Robert Coover

(Charles City, United States, 1932)
© CCCB. Martí Pons, 2008

His experimental writing revolutionized the US literary scene of the seventies. He founded the Electronic Literature Organization and was one of the first authors to explore the possibilities of hypertext.

Robert Coover (Charles City, Iowa, USA, in 1932) graduated in Slavic Studies at the University of Indiana (1953) and gained a master’s degree in Humanities from the University of Chicago (1965). He has lectured at the universities of Iowa and Princeton, and is Professor Emeritus of Brown University, Providence, where he taught electronic writing and multimedia narrative, coordinated the Freedom to Write programme and developed Cave Writing, a workshop about hypertext fiction in immersive virtual reality environments. He is co-founder of the Electronic Literature Organization, and a member of the American Academy of Arts and Letters, PEN International and other organizations.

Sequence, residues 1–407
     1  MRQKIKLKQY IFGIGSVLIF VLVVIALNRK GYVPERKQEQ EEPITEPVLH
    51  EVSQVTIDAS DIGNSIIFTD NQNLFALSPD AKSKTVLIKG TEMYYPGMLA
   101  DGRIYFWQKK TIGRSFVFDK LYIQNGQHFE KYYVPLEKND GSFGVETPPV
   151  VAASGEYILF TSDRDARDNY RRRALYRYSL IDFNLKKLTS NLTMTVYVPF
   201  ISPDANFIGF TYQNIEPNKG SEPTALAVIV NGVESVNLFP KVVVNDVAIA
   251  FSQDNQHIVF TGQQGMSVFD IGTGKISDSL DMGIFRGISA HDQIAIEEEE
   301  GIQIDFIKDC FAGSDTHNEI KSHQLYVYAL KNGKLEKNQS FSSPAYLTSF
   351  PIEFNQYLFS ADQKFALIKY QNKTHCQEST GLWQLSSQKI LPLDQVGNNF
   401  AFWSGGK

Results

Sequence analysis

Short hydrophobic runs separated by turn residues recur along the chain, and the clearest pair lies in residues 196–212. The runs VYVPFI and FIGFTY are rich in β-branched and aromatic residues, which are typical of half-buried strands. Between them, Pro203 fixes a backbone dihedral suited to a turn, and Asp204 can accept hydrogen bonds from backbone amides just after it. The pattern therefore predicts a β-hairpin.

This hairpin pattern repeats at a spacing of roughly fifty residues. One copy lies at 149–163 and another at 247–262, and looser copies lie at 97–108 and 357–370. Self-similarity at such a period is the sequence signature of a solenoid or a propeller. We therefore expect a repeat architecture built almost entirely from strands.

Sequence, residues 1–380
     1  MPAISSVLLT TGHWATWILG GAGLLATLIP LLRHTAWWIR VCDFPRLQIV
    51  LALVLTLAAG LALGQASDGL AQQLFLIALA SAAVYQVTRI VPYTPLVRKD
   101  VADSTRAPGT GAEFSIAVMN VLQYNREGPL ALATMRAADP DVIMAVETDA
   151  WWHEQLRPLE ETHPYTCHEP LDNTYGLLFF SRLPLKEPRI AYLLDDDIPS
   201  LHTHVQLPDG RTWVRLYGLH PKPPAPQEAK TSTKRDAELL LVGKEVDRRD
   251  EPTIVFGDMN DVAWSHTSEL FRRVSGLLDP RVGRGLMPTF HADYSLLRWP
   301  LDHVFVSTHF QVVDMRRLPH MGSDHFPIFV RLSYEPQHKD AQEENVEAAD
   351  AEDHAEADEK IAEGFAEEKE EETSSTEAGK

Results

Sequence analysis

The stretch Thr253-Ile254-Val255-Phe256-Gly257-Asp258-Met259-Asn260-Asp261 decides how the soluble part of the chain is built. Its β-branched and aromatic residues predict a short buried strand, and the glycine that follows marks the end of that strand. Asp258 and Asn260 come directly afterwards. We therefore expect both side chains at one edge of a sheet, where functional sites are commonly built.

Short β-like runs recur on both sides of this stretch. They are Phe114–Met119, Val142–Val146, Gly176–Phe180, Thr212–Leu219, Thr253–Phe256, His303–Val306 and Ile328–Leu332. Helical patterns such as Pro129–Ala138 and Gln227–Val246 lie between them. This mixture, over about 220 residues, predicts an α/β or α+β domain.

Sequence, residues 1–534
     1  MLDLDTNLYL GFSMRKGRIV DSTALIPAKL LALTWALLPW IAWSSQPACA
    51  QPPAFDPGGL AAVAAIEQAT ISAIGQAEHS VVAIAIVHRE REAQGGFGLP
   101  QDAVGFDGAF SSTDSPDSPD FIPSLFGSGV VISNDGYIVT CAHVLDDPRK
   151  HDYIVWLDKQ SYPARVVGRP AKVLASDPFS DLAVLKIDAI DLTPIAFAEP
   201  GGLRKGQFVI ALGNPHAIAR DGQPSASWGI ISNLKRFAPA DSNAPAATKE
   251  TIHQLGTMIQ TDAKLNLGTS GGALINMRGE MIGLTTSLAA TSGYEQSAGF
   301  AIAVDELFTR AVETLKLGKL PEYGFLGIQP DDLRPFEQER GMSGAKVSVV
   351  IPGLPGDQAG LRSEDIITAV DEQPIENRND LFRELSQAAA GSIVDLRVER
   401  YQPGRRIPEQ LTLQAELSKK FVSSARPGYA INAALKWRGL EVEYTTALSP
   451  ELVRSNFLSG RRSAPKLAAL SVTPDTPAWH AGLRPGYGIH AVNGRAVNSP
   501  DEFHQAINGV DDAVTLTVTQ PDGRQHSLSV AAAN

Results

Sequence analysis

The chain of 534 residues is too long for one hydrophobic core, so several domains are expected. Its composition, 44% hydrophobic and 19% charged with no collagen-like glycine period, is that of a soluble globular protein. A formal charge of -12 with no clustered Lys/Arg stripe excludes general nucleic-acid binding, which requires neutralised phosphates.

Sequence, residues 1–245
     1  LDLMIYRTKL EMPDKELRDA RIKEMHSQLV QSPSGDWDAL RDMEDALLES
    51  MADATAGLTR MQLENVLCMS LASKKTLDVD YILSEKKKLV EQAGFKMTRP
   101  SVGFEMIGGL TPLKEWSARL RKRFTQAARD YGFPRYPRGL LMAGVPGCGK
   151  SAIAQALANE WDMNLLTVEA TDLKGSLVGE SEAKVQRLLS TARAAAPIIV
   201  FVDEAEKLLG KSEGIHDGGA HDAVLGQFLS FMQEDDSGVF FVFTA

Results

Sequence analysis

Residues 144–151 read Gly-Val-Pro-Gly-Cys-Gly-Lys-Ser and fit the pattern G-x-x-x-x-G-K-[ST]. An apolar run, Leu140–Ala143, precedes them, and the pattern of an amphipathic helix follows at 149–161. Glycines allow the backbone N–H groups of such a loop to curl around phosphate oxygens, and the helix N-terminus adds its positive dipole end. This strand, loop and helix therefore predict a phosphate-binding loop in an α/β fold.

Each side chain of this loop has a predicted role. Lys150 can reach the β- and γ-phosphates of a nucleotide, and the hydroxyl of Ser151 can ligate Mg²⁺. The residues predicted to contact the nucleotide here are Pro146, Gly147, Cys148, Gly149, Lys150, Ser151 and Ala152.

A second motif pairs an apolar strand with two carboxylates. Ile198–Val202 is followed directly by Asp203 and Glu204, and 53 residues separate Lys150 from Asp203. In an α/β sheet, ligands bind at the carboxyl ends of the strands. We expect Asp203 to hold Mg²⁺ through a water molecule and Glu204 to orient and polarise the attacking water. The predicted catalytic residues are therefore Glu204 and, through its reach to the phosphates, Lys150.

His bibliography includes a collection of short stories, Pricksongs and Descants (1969); a collection of plays, A Theological Position (1972), and several novels, such as The Origin of the Brunists (1966), his first work and winner of the William Faulkner Prize; The Public Burning (1977), nominated for the National Book Award; Spanking the Maid (1982), Gerald's Party (1986), Pinocchio in Venice (1991), John’s Wife (1996), Briar Rose (1997) and Ghost Town (1998). In 1992 he published his famed article about hypertext, “The End of Books”, in the New York Time Review of Books, which promoted electronic literature around the world. His most recent work is The Brunist Day of Wrath (2014).

His innovative prose has been recognised by the American Academy of Arts & Letters (1976), the National Endowment of the Arts (1985), the Dugannon Foundation's REA (1987) and the DAAD Fellowship (1990).

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